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Film / Madame Curie

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Madame Curie is a 1943 drama film directed by Mervyn Le Roy, starring Greer Garson and Walter Pidgeon.

It's a biopic about the life of, yes, Marie Curie (1867-1934), born Marie Sklodowska in Poland. The film starts with Mademoiselle Sklodowska (Garson) studying at the Sorbonne in Paris. Marie has hardly any money for food and spends almost all her waking moments studying anyway, which is why she faints one day from hunger in the middle of class. A friendly teacher invites her to a party where she meets Pierre Curie, a well-known physicist.

Pierre invites Marie to use his lab for her studies. Eventually they fall in love and get married. While raising a family, they do pioneering work in the field of radioactivity, finally discovering a new element, radium. However, tragedy spoils their happiness.

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Fourth of nine films to pair Garson and Pidgeon. Robert Walker, soon to become a major star, has a small part as Pierre's lab assistant. Ditto Van Johnson, who has an even smaller part as a reporter that interviews Marie.


Tropes:

  • Absentminded Professor: Both of them, really, but especially Pierre. A lot of what you see in this picture is very true to life.
  • Adorkable: Pierre is shy and socially awkward, and is quite nervous at the prospect of a woman working in his lab. When he's asking Marie to go on a ride into the country with him, he stammers and fumbles with his hat. An emotional speech about chemistry and logic turns out to be his marriage proposal.
  • Arc Words: "To catch a star on your fingertips..." Prof. Jean Perot says this in the film. There really was a Prof. Perot, but that kind of language was more apt to come from Paul Appel as he explained classical mechanics, not being romantic.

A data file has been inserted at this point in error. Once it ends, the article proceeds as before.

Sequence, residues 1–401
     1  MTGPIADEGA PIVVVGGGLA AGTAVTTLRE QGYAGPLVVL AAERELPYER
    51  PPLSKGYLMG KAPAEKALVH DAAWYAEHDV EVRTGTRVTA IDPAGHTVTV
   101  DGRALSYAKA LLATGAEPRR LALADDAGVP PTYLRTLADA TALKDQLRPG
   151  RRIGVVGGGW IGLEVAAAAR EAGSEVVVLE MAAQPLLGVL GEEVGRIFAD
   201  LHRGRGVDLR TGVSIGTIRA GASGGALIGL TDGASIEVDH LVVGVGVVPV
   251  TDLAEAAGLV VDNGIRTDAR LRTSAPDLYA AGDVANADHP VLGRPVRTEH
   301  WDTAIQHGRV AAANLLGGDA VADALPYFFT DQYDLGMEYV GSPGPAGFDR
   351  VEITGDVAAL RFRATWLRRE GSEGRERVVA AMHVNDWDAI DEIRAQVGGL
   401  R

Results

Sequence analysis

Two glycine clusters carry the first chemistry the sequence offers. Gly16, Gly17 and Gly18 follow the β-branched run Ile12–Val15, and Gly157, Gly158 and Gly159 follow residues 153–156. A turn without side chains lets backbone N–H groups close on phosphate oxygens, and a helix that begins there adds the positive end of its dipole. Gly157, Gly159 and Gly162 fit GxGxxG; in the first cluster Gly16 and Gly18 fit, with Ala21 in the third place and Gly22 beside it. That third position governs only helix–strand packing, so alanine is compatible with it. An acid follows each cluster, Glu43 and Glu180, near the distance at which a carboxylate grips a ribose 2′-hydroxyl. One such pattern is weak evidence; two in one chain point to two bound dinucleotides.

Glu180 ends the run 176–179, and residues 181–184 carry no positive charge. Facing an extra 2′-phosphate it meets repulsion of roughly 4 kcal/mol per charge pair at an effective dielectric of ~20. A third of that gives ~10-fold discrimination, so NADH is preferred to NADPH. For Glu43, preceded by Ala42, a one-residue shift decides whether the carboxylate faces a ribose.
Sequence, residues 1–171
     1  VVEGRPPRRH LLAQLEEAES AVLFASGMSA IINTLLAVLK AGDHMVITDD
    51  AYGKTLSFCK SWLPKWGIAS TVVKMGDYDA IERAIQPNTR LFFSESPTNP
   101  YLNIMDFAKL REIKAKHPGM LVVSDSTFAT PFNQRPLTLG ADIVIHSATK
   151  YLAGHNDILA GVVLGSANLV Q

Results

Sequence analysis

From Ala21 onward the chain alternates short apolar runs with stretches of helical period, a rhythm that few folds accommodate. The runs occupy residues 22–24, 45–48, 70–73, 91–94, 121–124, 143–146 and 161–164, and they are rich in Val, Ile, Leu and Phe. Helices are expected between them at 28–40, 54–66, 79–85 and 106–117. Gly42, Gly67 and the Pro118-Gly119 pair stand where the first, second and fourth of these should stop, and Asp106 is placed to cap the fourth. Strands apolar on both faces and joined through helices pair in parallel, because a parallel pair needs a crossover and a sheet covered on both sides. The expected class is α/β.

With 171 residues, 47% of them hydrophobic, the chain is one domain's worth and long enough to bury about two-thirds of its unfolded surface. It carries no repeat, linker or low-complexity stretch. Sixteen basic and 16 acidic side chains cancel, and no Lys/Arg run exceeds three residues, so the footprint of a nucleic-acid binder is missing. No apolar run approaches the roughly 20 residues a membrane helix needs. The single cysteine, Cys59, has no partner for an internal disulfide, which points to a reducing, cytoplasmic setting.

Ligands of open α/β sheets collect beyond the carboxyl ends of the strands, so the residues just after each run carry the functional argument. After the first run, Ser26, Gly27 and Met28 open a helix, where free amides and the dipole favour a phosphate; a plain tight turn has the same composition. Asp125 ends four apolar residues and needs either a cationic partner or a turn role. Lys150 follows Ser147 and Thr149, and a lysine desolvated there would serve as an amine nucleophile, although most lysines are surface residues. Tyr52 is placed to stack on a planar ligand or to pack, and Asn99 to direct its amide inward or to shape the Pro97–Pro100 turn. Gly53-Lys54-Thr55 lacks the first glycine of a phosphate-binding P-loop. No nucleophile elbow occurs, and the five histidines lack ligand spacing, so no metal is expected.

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  • Artistic License – History: Less of this than most biopics of the studio era. But the film does suggest that Pierre and Marie isolated radium, when in Real Life they only isolated the compound radium chloride. Marie Curie did eventually succeed in producing radium in its pure elemental form, but not until after Pierre's death.
  • As You Know:
    • The professor quizzing Marie after she faints in his class gets across some basic info, like her maiden name and what she's studying.
    • Some pretty basic talk between Pierre and Marie about what elements are, to get across to the viewer the importance of their new discovery.
  • Biopic: Somewhat more faithful to history than other biopics of the day, which were usually heavily fictionalized. Annoyingly enough, it does leave out Marie's family in Paris, particularly her sister Bronislawa, an ob-gyn who delivered her children and with whom she was very close. It also leaves out her passionate dedication to La Résistance back in Poland for independence from Russia.
  • Distant Finale: The last scene has Marie giving a speech to a convention of scientists 25 years after she discovered radium, and 21 years after Pierre's death in the next-to-last scene.
  • Face Framed in Shadow: A lot of this in the dramatic scene where Pierre and Marie go over her findings and realize, through logical deduction, that there is a third, unknown element in the pitchblende emitting radiation.
  • Foreshadowing: Pierre and Marie's first walk home ends with Pierre bidding Marie goodnight, then absentmindedly walking out into the street and almost getting hit by a coach. Later, this is exactly how Pierre is killed.
  • Forgets to Eat: To the point where she faints from hunger during class. Apparently this happened to the real Curie as well, but between classes.
  • Happily Married: A true love match between Pierre and Marie, who never even have an argument.
  • Hard-Work Montage: About halfway through the movie there's a long montage, accompanied by narration, in which Pierre and Marie work their asses off melting down pitchblende, painstakingly removing all the known components from the ore, and finally isolating the mysterious substance Marie named "radium".
  • Have a Gay Old Time: "My mother is quite gay."
  • Sleeping Single: Maybe Pierre and Marie conceived that kid by osmosis.
  • Starving Student: Marie is fainting from hunger in class and living in some tiny garret with a leaky skylight. Absolutely Truth in Television.
  • Technicolor Science: A rare example that is both realistic and actually drawn from Real Life. The Curies finally discover that they have successfully isolated radium when they come back to their lab at night and find the radium in their bowl, which they'd thought to be merely a stain, glowing in the dark.
  • Viewers Are Geniuses: Averted with Marie and Pierre's first-date discussion on symmetry math and all that Lq, 2Lq, K-finite stuff. It's not expected that viewers understand it, but that you get a sense of their shared interests and similarity of minds.
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